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Multiscale mechanics and cohesive-surface models
If you have a question about this talk, please contact Ms Helen Gardner.
Please note this is a Mechanics Colloquia and will be held in LR4 at 2.30pm
In this lecture, we will start by a concise classification of multi-scale computational methods. We will concentrate on computational methods that allow for concurrent computing at multiple scales. Difficulties that relate to the efficient and accurate coupling between the various subdomains will be highlighted, with an emphasis on the coupling of domains that are modelled by dissimilar field equations, such as continuum mechanics and molecular dynamics. Two main approaches can be distinguished for resolving interfaces and evolving discontinuities. Within the class of discrete models, cohesive-surface approaches are probably the most versatile, in particular for heterogeneous materials. However, limitations exist, in particular related to stress triaxiality, which cannot be captured well in standard cohesive-surface models. In this lecture, we will present an elegant enhancement of the cohesive-surface model to include stress triaxiality, which preserves the discrete character of cohesive-surface models.
Among the recent developments in continuum approaches we mention the phase-field theories, and we will relate them to gradient damage models. In particular, we will elaborate a phase-field approach for cohesive-surface models, which, although being a continuum approach, results in a well-posed boundary value problem, and is therefore free of mesh dependence.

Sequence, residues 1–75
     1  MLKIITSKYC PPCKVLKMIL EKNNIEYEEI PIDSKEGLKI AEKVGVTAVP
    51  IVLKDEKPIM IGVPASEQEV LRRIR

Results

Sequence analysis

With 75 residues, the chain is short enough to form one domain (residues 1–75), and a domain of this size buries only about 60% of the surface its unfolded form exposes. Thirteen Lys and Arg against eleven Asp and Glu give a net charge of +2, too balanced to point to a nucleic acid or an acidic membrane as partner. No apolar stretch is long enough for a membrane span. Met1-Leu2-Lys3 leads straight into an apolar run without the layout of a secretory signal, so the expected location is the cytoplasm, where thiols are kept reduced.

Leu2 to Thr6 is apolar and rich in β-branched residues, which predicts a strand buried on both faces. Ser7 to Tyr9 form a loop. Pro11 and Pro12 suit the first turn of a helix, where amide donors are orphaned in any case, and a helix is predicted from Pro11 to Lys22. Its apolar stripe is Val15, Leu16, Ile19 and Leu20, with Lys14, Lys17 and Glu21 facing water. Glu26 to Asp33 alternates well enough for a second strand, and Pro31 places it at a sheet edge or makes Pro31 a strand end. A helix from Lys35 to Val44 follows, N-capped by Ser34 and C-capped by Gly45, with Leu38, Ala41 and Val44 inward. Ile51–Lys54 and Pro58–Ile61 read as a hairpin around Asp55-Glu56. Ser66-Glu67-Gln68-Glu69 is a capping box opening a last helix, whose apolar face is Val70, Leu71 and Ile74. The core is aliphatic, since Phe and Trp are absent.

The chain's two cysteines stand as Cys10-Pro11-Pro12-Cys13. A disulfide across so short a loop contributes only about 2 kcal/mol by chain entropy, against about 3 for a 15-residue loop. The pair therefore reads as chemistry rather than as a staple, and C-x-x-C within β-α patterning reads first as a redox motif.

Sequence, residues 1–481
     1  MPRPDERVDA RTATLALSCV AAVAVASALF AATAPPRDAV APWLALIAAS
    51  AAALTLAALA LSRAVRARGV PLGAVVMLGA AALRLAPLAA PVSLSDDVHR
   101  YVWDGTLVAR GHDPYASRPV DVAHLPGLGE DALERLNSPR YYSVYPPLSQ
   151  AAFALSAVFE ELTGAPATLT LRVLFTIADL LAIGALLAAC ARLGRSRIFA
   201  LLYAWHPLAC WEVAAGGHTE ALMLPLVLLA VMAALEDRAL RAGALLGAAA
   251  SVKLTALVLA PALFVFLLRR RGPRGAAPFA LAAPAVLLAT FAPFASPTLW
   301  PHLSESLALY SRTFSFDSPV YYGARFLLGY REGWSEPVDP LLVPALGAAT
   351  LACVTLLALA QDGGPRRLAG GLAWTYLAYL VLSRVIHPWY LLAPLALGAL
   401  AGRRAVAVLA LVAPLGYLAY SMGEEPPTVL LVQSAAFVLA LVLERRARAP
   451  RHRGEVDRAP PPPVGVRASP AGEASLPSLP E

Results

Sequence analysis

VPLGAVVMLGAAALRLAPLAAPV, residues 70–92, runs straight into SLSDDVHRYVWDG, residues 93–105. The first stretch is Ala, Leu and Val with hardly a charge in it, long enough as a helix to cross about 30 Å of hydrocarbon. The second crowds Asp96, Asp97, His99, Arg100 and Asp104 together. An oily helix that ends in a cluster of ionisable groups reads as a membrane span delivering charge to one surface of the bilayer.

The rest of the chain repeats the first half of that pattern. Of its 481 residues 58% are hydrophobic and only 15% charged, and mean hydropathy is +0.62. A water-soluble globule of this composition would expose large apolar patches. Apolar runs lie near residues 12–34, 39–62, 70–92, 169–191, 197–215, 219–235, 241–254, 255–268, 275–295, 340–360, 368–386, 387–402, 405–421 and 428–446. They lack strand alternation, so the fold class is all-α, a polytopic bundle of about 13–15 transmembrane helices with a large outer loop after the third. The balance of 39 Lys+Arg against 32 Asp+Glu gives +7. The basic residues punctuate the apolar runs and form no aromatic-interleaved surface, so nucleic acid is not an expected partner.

Whether a discontinuity is modelled via a continuum model, or in a discrete manner, advanced discretisation methods are needed to model the internal free boundary. The most powerful methods are finite element methods that exploit the partition-of-unity property of the shape functions, and isogeometric analysis. Examples will be given, including analyses that include coupling of evolving discontinuities with non-mechanical fields such as moisture and thermal flow.
This talk is part of the Engineering Department Bio and Micromechanics Seminars series.
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